Enbridge pipeline road blocked by protesters in Burlington
Enbridge says protesters interfering with 'important safety maintenance' of Line 9
A group of protesters has blockaded the road to an exposed section of Enbridge’s Line 9 pipeline early this morning in Burlington, Ont.
The protesters say they plan to continue the blockade for at least 12 hours.
A news release says the 12-hour stay represents 12,000 "anomalies Enbridge has reported to exist on the line."
“Enbridge calls these developments integrity digs,” said Danielle Boissineau, one of the protesters, “but to anyone watching the Line 9 issue, it’s clear Enbridge has no integrity. This work on the line is just a Band-Aid, a flimsy patch over the most outrageous flaws in the Line 9 plan.
“Line 9 has a lot of similarities to Line 6B that erupted in the Kalamazoo River. The risk is just not worth it,” she said.
- READ MORE: Enbridge launches hundreds of digs for cracks in Line 9
- READ MORE: Hamilton second in Ontario in pipeline safety incidents
- READ MORE: NEB took 'responsible route' in Line 9 ruling: city official
White says the protesters are "interfering with important safety maintenance for the line. If they're interested in this being a safe line, and for us to maintain that safety for the future, this is exactly counter to those efforts."
From July to December of last year, there were 308 maintenance digs along Line 9 — and the vast majority were for cracks in the line. In July alone, Enbridge filed 105 maintenance notices for digs on the line, according to documents filed with the National Energy Board.
Pipeline has 13,000 'structural weaknesses:' protesterThe group says its members include residents of Burlington who don't want the pipeline running through their city.
“Line 9 has nearly 13,000 structural weaknesses along its length” said Brian Sutherland, a Burlington resident. “And yet Enbridge is only doing a few hundred integrity digs."
There were about 20 protesters at the site early Tuesday. As of 8:35 a.m., no police had arrived.
Last June, a group of protesters shut down construction at an Enbridge pump station in rural Hamilton.
In March, the NEB approved a request from Enbridge to reverse the flow and increase the capacity of the controversial Line 9 pipeline that has been running between southern Ontario and Montreal for years.
Line 9 originally shuttled oil from Sarnia, Ont., to Montreal, but was reversed in the late 1990s in response to market conditions to pump imported crude westward. Enbridge now wants to flow oil back eastwards to service refineries in Ontario and Quebec.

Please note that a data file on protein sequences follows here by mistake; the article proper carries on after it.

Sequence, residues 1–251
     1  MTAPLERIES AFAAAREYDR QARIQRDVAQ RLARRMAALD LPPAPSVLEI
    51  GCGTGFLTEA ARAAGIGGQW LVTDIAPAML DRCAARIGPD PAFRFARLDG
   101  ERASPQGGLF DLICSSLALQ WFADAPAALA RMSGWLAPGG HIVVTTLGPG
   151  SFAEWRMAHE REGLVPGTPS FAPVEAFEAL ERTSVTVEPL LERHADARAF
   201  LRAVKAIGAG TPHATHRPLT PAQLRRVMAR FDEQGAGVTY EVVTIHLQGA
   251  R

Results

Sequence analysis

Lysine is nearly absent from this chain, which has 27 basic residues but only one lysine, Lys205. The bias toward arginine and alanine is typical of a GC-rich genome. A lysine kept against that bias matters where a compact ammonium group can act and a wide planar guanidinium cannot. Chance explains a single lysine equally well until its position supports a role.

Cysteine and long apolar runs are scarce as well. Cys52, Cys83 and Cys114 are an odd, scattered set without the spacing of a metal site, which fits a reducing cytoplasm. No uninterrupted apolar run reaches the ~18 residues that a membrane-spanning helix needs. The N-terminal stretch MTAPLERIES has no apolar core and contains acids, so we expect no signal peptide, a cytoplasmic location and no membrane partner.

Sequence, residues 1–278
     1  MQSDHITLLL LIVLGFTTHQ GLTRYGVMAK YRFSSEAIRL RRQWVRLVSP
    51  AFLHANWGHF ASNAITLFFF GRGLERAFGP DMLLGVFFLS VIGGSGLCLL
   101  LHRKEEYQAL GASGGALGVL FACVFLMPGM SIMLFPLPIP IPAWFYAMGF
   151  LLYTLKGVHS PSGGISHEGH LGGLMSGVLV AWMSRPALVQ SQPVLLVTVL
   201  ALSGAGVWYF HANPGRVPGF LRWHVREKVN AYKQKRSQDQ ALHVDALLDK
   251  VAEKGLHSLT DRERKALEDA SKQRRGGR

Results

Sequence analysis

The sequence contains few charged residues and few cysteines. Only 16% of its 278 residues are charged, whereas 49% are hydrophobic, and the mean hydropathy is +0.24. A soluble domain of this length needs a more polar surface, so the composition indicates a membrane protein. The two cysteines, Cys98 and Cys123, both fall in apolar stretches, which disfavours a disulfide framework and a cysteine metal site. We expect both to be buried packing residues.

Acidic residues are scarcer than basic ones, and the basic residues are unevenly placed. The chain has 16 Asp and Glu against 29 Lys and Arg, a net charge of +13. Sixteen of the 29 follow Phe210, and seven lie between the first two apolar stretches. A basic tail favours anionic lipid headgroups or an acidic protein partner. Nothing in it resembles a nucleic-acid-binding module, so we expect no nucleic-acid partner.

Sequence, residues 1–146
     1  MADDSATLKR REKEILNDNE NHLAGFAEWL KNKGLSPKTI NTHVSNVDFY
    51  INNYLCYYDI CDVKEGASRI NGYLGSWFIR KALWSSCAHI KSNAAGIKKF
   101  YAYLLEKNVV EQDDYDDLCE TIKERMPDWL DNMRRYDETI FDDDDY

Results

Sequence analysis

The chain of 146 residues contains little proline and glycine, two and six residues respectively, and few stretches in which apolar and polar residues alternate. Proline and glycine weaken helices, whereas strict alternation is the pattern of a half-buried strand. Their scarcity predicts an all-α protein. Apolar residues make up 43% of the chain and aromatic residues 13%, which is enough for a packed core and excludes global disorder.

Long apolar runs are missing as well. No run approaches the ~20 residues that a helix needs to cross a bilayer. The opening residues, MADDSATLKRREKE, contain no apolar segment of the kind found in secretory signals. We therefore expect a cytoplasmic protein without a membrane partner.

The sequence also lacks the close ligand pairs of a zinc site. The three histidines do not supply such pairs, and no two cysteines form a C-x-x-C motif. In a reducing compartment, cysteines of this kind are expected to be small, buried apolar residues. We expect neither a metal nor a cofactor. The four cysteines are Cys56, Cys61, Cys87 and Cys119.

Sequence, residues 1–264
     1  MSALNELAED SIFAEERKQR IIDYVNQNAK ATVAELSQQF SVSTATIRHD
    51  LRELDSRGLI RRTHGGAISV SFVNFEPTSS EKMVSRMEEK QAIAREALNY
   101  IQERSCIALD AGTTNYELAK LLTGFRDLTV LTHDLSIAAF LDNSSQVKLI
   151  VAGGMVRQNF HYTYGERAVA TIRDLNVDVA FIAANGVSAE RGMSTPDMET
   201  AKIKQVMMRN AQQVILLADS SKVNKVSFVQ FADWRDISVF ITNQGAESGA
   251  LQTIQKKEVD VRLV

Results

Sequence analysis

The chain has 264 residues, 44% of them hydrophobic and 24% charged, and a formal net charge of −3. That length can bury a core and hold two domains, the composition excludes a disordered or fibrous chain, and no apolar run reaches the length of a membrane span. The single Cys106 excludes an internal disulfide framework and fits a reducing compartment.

It plans to move 300,000 barrels of crude oil per day through the line, a rise from the current 240,000 barrels, with no increase in pressure.
Opponents argue the Line 9 plan puts communities at risk, threatens water supplies and could endanger vulnerable species in ecologically sensitive areas.
Enbridge Burlington protest
Mother threatens to leave disabled daughter at minister's office
Linda Murphy of Arnprior, Ont., frustrated with lack of services
Linda Murphy of Arnprior, Ont., a small community outside Ottawa, arrived at the office Tuesday morning to drop off her daughter Ashley and then return home. The office, however, is closed as Rappolt is currently on vacation.
The former minister, Linda Jeffrey, stepped down to run for mayor of Brampton, Ont., earlier this year.
Murphy arrived at the office Tuesday morning, and went to the 6th floor with a change of clothes for her daughter and a care plan. Her daughter just graduated high school, but is said to have the mental capacity of a two-year-old.
Murphy vowed to leave her there.
Murphy has been trying for years to get Ashley into a group home. She was asked to wait outside Rappolt's office, then four Ontario Provincial Police officers arrived to tell her they weren't allowed to be there. Murphy was then ushered into a boardroom where she met with senior staff.
She said after years of trying she finally got what she wanted: her daughter placed in a home. She said she had been told as recently as last week that was not possible.
On the campaign trail, PC Leader Tim Hudak called Murphy's story a failure of government and said he would make more money available for social services.
NDP Leader Andrea Horwath also said she has a plan to invest more in front-line services.
A space for Ashley has been found at an Ottawa area group home. Murphy said she's disappointed it took drastic action, but is grateful to finally have her daughter in a home.